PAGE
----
Bedtime Rituals: Stumbling Into a New Rhythm

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I’ll always be a product of seasonal living. Growing up as the youngest child to two schoolteachers in a small Indiana town left its mark: stay focused, be diligent throughout the school year, but summer? In the summer, all bets are off.

Summer, for us Midwesterners, is a season of anything goes. The hard work and biting cold of winter gives way to a glorious three months of sheer, unabashed play. From June to August, there are fireflies to catch, salamanders to hunt. It’s a season of sticky marshmallows and sidewalk chalk, of Band-aids and cartwheels, pool noodles and tire swings. Blackberries by the fistful. We spend our days at farmer’s markets and the neighborhood playground. We traipse through gardens in the downtown square, stopping halfway for popsicles from the corner cart. There are blisters on our feet, grass stains on our knees. We fall into bed exhausted, but the happy kind.

Still, September comes.

The thought occurs to me in the bathroom, toothbrush in hand. I am in front of the sink, readying myself for bed while Ken is in the kitchen with the kids, serving avocado out of the shell with tiny spoons, stirring a curry dinner for one. I hear muffled laughter down the hallway, and I can tell Bee’s practicing another knock knock joke. I can tell she hasn’t yet nailed it.

Am I missing out? I think as I rinse, spit.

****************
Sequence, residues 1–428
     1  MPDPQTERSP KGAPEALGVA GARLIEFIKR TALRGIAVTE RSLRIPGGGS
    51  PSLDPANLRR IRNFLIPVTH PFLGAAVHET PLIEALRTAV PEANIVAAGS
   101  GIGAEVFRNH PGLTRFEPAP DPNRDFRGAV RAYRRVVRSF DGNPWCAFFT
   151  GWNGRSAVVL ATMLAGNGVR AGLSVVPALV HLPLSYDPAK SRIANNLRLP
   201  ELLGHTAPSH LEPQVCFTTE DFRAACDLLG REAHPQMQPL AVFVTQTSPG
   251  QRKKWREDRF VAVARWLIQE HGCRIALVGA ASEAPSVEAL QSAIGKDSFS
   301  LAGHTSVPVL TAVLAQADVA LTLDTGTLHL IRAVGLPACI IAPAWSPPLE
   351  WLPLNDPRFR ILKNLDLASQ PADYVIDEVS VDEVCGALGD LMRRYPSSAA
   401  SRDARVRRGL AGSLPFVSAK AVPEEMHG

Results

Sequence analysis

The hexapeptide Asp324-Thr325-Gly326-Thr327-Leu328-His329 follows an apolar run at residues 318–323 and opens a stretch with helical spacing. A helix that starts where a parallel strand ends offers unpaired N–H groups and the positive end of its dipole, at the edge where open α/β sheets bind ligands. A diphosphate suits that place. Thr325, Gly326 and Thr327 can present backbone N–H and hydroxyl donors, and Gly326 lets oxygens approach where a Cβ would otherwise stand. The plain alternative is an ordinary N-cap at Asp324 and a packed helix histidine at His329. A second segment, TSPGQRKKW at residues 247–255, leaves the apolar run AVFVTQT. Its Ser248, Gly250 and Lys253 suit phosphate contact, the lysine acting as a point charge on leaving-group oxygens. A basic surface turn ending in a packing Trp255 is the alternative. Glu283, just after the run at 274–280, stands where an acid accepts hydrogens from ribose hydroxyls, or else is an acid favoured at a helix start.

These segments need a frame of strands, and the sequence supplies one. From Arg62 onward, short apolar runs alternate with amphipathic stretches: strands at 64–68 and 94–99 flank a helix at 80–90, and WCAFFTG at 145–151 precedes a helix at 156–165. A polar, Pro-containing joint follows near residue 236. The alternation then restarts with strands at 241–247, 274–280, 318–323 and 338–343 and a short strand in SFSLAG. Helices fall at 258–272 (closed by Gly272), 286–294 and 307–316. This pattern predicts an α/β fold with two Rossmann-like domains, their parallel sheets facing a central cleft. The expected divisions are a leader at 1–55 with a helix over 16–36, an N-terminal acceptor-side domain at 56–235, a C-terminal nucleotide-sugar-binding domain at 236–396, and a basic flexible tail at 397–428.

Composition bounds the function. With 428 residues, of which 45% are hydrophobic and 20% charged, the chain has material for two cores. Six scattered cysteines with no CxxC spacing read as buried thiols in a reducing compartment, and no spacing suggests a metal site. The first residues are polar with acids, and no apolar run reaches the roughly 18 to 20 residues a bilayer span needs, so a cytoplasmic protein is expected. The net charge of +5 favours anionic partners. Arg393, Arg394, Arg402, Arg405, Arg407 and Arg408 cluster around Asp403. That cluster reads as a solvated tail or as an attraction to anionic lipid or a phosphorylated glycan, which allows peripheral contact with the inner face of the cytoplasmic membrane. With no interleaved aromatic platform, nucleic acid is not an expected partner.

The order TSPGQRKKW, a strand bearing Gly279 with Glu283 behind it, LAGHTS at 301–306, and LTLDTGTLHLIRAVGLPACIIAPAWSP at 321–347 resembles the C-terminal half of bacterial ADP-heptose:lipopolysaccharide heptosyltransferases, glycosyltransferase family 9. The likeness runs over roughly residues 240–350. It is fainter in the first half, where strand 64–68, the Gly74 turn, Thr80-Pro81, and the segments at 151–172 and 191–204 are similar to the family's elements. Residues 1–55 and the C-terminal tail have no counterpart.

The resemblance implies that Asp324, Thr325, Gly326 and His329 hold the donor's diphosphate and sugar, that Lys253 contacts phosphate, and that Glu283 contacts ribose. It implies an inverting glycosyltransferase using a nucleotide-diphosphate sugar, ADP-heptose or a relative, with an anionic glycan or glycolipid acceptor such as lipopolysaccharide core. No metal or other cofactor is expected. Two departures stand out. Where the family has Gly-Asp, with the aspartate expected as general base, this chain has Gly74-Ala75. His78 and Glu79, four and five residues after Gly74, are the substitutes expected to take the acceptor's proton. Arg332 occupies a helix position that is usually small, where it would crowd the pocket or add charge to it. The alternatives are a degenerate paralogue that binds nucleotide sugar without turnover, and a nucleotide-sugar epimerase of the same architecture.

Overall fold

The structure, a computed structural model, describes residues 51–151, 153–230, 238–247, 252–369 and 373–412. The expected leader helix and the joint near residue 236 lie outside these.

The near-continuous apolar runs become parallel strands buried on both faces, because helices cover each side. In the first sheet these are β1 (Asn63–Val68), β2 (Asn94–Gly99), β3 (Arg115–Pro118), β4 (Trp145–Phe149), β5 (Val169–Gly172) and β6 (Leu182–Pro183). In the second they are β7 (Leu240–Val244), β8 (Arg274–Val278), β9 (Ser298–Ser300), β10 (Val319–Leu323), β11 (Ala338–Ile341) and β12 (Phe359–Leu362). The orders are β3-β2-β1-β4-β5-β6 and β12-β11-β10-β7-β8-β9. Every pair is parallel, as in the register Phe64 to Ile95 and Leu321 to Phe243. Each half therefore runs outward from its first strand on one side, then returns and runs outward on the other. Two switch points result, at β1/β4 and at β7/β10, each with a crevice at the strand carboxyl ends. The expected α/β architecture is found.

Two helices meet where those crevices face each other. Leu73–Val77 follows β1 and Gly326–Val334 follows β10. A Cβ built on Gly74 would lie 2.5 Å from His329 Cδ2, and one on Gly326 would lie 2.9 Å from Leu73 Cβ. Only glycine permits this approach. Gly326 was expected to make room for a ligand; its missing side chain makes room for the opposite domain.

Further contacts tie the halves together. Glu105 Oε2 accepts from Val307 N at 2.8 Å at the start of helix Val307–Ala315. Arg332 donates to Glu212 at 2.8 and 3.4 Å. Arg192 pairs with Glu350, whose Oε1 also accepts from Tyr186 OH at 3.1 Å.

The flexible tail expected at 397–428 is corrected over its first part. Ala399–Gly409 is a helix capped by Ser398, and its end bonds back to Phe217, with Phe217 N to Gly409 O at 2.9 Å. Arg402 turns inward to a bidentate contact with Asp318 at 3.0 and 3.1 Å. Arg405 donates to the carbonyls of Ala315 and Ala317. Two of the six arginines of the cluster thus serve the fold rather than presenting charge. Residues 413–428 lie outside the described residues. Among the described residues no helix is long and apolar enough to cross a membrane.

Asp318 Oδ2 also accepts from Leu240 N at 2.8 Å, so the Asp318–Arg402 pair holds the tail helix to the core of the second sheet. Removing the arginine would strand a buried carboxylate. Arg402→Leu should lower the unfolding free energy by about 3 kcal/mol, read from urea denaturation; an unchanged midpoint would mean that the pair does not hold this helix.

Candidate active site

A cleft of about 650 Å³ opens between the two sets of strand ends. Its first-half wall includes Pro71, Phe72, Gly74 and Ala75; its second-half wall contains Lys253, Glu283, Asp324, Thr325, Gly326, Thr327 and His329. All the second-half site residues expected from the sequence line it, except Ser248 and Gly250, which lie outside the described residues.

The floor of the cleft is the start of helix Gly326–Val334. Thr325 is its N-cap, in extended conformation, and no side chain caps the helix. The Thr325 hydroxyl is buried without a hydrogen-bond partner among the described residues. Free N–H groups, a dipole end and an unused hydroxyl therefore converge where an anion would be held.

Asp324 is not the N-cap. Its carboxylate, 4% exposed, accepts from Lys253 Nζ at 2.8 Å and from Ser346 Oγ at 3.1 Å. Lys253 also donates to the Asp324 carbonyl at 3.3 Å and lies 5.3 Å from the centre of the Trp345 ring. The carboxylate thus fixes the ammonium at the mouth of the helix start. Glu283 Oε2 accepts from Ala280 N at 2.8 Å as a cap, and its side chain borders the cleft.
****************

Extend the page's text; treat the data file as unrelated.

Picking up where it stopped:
I pad to the bedroom and set my nightstand alarm for 2am, for an early morning work day of silence and quiet and focus. I have deadlines to meet, emails to send. Ken, per usual, will handle dinner and bedtime while I pull the blackout shades down low, throw a pillow over my head.

But tonight, it is still August, and the hallway smells of chicken and cumin.

How many more days of play will we get before the weather turns, before the farmer’s markets close? How many more nights before the fireflies disappear again?

I flip over to my stomach, sleep hard to find.

The next week, Ken would be diagnosed with pneumonia and quarantined to the basement to cough-cough-cough through the night. (He has since recovered well.) He’d spend 10 days out of commission, and the kids and I would squeeze every ounce of summer into our days, nights – just the three of us.

(Sleep was no longer hard to find.)

I’ve often romanticized the idea of bedtime. Bubble baths and fluffy towels, wet eyelashes curling toward the heavens. I think of Bee’s lingering stories, her heartwarming prayers. Lullabies. The quiet rocking of a curled-up Scout, one tiny toe peeking through a hole in his footed pajamas.

It is that, sometimes.
Often, it is not.

I once read that one small secret to a happier life is to replace routines with rhythms. Routines call for a fair amount of grit – of hard-earned practice, of checking the clock, of trying again and again and again until a perfect balance is struck.

But rhythm? It’s offered naturally, with time. Coming and going. A cycle, a song. Reappearing again and again, like fireflies.

And this is what I think of when September arrives.

I think of routines and rituals, and how sometimes, we’re forced to bend them a bit, like when your husband is on bedrest and your 2am deadlines fly out the window. Or when the start of school is on the horizon, and you’re far from ready, still clinging to the heat of summer’s glory days.

Best to try a rhythm, instead.

A few bedtime rhythms I rely on in the midst of transition:

  1. Slow and steady.